In a January 2011 Executive Order President Obama directed federal agencies to “lookback” at their current rules and regulations to determine if they still make sense and are necessary.
The Executive Order requires agencies to:
– Identify reforms that will produce significant savings, especially for small business.
– Report to the public regularly on their efforts and plans.
– Obtain public comments to see which rules should be simplified, improved or repealed.
Over two dozen agencies have identified more than 500 reforms and they have already proposed or finalized more than 100 of them. A few examples from progress reports filed by federal agencies:
•The Department of Agriculture streamlined its meat and poultry labeling approval process, creating a new, web-based electronic alternative to paper applications, making the process faster, cheaper, and more accurate.
•The Federal Railroad Administration plans to eliminate unjustified regulations imposed on the railroad industry, streamlining and simplifying existing requirements and saving hundreds of millions of dollars in the coming years.
•The Federal Motor Carrier Safety Administration is finalizing a rule eliminating a reporting requirement imposed on truck drivers, doing away with roughly thirty-eight million reports annually – an amount that represents over $50 million in annual paperwork savings.
•The Department of Housing and Urban Development plans to eliminate burdensome and unnecessary requirements for mortgage insurance, thus enhancing consumer choice, reducing administrative and paperwork burdens on HUD and the borrowers, and producing savings for prospective borrowers.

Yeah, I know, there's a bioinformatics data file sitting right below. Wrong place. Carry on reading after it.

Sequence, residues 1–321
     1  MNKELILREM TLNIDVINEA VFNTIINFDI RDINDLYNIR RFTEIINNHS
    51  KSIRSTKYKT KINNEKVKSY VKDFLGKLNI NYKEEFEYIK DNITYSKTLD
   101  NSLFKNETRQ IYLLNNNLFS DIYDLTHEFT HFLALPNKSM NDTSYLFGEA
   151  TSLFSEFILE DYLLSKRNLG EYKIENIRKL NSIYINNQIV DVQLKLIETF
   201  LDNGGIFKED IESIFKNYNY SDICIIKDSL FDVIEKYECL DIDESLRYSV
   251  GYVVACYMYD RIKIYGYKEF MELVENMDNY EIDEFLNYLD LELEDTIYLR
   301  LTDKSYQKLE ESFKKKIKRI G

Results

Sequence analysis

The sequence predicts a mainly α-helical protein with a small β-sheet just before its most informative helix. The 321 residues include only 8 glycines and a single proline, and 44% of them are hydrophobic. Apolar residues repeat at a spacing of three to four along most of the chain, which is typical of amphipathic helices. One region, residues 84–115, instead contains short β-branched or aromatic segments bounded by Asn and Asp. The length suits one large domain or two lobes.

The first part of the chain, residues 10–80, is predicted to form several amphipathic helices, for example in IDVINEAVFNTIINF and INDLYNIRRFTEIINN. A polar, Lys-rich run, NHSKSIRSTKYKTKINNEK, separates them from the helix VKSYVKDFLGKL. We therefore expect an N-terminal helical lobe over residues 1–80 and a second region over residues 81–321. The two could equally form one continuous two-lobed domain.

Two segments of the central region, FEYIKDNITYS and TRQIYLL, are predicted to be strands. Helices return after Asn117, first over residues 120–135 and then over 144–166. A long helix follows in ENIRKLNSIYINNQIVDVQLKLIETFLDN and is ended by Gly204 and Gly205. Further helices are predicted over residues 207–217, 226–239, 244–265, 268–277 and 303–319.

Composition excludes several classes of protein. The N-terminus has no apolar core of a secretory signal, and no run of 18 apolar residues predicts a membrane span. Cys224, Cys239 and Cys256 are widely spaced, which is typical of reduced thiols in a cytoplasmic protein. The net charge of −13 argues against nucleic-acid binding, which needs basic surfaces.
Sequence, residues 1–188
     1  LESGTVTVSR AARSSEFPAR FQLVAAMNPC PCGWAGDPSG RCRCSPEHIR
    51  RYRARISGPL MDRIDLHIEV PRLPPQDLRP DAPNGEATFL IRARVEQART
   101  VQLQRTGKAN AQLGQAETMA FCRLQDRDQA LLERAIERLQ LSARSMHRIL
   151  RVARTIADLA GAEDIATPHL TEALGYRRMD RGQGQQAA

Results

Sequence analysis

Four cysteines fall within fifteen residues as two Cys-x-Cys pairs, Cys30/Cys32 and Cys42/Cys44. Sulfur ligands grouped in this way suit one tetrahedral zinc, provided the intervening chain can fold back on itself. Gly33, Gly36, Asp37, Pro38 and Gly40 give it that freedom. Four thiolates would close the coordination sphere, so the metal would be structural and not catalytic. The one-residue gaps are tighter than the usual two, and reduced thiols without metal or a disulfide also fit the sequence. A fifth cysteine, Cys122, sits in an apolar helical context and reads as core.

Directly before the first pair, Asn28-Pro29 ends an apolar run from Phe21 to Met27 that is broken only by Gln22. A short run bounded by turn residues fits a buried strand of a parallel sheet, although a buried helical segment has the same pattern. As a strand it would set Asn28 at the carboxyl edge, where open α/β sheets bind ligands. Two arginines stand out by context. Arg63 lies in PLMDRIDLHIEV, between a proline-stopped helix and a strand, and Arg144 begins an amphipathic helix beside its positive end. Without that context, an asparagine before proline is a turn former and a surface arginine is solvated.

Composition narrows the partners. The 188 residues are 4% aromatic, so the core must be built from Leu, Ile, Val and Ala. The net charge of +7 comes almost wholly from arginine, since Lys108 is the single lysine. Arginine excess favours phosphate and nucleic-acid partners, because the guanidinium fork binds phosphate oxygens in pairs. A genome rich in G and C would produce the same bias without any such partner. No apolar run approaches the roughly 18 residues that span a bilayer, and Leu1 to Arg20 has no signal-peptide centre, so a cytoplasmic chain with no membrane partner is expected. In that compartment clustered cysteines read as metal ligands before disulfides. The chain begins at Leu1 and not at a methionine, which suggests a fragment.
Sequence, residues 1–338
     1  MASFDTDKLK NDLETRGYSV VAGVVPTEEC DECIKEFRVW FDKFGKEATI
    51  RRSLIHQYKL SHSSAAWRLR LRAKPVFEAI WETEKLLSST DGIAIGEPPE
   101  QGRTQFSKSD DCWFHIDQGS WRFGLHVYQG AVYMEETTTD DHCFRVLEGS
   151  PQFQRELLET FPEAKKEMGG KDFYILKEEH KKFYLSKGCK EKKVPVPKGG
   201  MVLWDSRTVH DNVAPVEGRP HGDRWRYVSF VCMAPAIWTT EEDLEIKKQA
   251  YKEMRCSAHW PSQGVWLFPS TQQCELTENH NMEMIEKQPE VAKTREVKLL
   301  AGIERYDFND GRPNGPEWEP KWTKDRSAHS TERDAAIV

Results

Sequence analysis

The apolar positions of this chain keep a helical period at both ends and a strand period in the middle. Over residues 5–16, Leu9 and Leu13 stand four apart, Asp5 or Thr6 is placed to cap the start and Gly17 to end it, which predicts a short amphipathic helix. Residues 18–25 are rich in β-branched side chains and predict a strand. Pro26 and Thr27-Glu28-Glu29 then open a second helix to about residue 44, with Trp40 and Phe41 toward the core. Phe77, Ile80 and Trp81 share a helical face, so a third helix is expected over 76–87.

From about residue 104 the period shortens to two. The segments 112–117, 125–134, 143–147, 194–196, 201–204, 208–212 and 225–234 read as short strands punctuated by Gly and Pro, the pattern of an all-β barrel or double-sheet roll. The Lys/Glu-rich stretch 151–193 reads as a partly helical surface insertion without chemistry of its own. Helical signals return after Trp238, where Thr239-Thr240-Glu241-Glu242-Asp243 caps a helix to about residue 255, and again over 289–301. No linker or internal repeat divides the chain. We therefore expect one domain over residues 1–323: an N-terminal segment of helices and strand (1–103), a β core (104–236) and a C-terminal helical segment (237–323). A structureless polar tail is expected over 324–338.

This same approach of reviewing the sense and necessity of government rules and regulations can be undertaken at the local level. County Executives, City Mayors and Town Supervisors can issue a similar directive to the department heads that report to them. As a County Legislator, City Council Member and Town Board Member, one can introduce a Resolution seeking a review of the rules and regulations in place in your community.
While elected officials like to pass legislation, it is just as important to remove rules and regulations that require employees and citizens to jump through hoops just because that’s they way it has always been done.
As the governing bodies closest to their people, municipalities usually receive direct feedback and have lots of opportunities to review and reform policies and procedures on a routine basis. Those who don’t will hear about it. In our isolated area, the people who work for the city or who are elected to serve it all live here – we don’t want our money spent foolishly maybe even more so than our public. The problem we have here is compliance with increasing (and increasingly meddlesome) regulations from our state. Cities in our state have found that when they hear the word “deregulation” used at the state level, it almost surely means more regulation of cities and towns. We worked here locally for several years debating and ironing out with various local business and civic leaders how to assess development fees; the state turned around a few years later and mandated “one size fits all” fee schedules for all municipalities based on complaints about 1-2 cities far away from us. This has not served us in our efforts to maintain trust with those we regulate.
Definitely important, and unfortunately it seems like often once regulations are created, they are rarely done away with. It’s important to keep “because this is how it’s always been” out of government as much as possible because it costs industry money when government has outdated or pointless regulations.